The fine art of bargaining has been around probably since the dawn of time. But I gotta admit, I still hate it.
Jeremy Kressmann over at Gadling recently posted a piece on negotiating anything from a souvenir to hotel to cocktails (I’m assuming) in Southeast Asia. In South by Southeast: Ugly bargaining, he notes five ways to make hustling less of a hustle, and essentially work it out in the best possible manner for both sides.
This, I can appreciate. Still, even as a relatively poor, struggling writer/artist/traveler, I continue to have qualms with the whole haggling thing. Kressman’s rule number 4, “Keep Perspective”, sums up my thoughts on the subject relatively well:
Sure, you might be saving a few bucks, but the gap between your income and the average merchant in Southeast Asia is huge. A week’s wages for you could be more than they earn in an entire year.
In other words, I often wonder if it is ethical to bargain – even though it is a part of the culture you are visiting – when the playing fields are so vastly different? I completely understand that starting prices in markets throughout the world are exorbitant, and have an added “tourist tax”. I also get that to buy everything at that asking price could easily eliminate a person’s travel budget and possibly the ability to continue the trip.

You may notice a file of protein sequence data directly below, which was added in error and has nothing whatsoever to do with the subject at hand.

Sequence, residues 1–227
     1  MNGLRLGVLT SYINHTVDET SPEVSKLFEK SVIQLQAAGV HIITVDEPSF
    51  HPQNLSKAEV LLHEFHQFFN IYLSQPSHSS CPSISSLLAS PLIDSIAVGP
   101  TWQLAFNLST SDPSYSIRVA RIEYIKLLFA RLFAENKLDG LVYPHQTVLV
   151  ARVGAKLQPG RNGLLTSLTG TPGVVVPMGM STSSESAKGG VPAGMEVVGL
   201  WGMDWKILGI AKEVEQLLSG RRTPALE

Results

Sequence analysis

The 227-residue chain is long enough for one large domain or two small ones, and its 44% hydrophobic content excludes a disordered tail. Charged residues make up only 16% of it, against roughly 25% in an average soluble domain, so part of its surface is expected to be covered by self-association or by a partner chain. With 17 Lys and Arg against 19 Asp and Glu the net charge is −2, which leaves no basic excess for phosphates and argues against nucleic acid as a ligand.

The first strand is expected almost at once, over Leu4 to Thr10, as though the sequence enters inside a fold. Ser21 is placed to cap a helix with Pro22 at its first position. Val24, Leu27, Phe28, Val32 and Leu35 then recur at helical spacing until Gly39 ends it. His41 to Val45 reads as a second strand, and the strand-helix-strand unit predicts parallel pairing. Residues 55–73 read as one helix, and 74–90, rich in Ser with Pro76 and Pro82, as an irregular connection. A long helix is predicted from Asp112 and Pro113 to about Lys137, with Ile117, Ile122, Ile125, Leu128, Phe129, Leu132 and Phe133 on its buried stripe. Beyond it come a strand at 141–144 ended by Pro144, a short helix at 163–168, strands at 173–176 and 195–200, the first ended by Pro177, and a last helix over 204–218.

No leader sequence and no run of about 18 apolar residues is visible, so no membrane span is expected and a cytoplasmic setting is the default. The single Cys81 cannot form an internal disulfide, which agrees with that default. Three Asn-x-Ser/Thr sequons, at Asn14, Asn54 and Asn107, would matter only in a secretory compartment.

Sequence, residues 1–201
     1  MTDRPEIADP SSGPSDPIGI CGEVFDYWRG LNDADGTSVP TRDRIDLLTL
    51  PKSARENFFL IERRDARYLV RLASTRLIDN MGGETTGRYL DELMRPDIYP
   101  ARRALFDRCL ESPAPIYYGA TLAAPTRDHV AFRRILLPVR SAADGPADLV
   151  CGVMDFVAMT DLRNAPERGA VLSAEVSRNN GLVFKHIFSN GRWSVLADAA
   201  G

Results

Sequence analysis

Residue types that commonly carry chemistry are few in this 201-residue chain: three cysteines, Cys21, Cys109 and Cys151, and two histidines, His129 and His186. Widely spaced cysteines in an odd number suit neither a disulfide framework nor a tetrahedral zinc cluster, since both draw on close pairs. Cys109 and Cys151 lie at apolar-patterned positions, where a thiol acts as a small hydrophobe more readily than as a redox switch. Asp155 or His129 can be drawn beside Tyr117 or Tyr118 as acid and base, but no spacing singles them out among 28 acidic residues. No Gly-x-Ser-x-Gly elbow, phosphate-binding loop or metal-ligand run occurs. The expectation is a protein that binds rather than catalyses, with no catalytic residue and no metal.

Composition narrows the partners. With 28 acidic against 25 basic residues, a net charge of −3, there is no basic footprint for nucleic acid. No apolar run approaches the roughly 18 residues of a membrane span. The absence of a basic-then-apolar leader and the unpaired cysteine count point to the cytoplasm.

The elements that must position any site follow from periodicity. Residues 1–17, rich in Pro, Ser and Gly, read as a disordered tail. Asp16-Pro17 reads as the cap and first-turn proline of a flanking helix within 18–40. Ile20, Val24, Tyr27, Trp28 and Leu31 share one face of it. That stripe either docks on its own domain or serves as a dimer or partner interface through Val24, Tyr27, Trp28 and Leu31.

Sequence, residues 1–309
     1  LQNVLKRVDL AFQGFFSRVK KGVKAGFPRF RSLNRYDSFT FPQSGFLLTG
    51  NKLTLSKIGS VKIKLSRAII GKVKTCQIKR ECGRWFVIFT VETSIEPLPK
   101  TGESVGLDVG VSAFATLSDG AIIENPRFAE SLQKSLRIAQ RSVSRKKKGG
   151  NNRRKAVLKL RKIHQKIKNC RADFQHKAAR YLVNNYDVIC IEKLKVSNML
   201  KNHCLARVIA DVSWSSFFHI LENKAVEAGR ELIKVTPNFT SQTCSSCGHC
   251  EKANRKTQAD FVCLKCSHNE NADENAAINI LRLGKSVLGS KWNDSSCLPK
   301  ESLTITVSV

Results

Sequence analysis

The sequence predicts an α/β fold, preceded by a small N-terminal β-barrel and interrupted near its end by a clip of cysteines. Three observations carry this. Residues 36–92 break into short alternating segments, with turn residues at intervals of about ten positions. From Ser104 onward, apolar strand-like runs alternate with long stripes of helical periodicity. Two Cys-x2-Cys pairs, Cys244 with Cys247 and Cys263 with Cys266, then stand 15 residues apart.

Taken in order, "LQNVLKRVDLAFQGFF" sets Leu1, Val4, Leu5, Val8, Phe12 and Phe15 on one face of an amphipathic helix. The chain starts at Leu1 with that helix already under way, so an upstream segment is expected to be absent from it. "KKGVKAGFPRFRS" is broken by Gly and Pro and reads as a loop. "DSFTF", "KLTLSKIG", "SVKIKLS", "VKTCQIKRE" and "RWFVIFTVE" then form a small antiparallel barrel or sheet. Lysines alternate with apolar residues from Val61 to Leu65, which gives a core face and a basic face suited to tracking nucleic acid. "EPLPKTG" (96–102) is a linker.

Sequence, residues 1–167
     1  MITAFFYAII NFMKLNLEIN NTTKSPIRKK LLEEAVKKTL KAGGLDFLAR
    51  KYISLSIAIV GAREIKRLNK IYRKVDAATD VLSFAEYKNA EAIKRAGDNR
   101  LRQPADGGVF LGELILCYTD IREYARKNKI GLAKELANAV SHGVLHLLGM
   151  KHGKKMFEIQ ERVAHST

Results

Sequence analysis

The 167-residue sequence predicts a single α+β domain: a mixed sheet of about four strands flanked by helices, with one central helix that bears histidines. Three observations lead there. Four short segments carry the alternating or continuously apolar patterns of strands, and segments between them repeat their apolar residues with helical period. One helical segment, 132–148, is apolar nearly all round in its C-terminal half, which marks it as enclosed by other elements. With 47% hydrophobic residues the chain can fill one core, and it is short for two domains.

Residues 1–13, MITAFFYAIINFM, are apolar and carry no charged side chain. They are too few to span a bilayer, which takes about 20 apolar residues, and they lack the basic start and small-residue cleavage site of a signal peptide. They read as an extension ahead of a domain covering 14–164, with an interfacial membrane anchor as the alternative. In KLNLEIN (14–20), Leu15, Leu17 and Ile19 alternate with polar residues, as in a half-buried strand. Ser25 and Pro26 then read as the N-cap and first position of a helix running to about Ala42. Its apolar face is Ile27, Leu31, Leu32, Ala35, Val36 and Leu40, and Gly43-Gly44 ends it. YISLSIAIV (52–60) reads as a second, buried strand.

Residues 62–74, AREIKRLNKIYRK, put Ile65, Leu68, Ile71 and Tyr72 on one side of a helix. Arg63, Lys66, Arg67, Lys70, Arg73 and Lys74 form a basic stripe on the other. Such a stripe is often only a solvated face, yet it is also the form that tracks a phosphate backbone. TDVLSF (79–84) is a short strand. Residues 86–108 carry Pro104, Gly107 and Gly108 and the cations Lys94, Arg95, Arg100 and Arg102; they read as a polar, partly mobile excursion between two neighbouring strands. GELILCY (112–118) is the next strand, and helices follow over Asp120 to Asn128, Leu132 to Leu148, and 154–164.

Still, how much did your flight cost to get you there? And how much did you spend on that new iPod to have plenty of music to listen to on your trip? What about that brand new backpack? Ok, you get my point.
The Bigger Picture
We’ve tackled the subject of budget travel and its implications before at BNT, most notably in the piece, When Does Budget Travel Become Exploitation? Author Ernesto Machado notes:
Life is the biggest trip of all, and that’s why I’m a budget traveler at all times, not just while on the road. Being frugal at home means I can avoid being cheap while traveling.
But, if you are going to bargain (and I get that most of us will, including myself), Matador has its own version of how to haggle your way across Southeast Asia. Turner Wright observes what it might mean not to haggle: “Letting merchants believe they can get away with such deals will only drive up prices and could cause even more inflation.”
And Sarah Lane certainly makes a good point in her piece Top 10 Things I Miss About Traveling (But Hated At The Time): “Haggling can be a very rewarding experience. In California, a soy latte is $3.50 and I can either pay up or take a hike. Everything is way too expensive, and nobody cares.”
Maybe we should start a haggle revolution in the West?
Do you think bargaining is ethical? Share your thoughts below.